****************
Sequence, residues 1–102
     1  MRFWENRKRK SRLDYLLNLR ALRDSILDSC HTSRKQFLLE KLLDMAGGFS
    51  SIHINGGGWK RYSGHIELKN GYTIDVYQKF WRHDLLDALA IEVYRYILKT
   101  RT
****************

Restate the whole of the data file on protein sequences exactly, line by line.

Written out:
Sequence, residues 1–102
     1  MRFWENRKRK SRLDYLLNLR ALRDSILDSC HTSRKQFLLE KLLDMAGGFS
    51  SIHINGGGWK RYSGHIELKN GYTIDVYQKF WRHDLLDALA IEVYRYILKT
   101  RT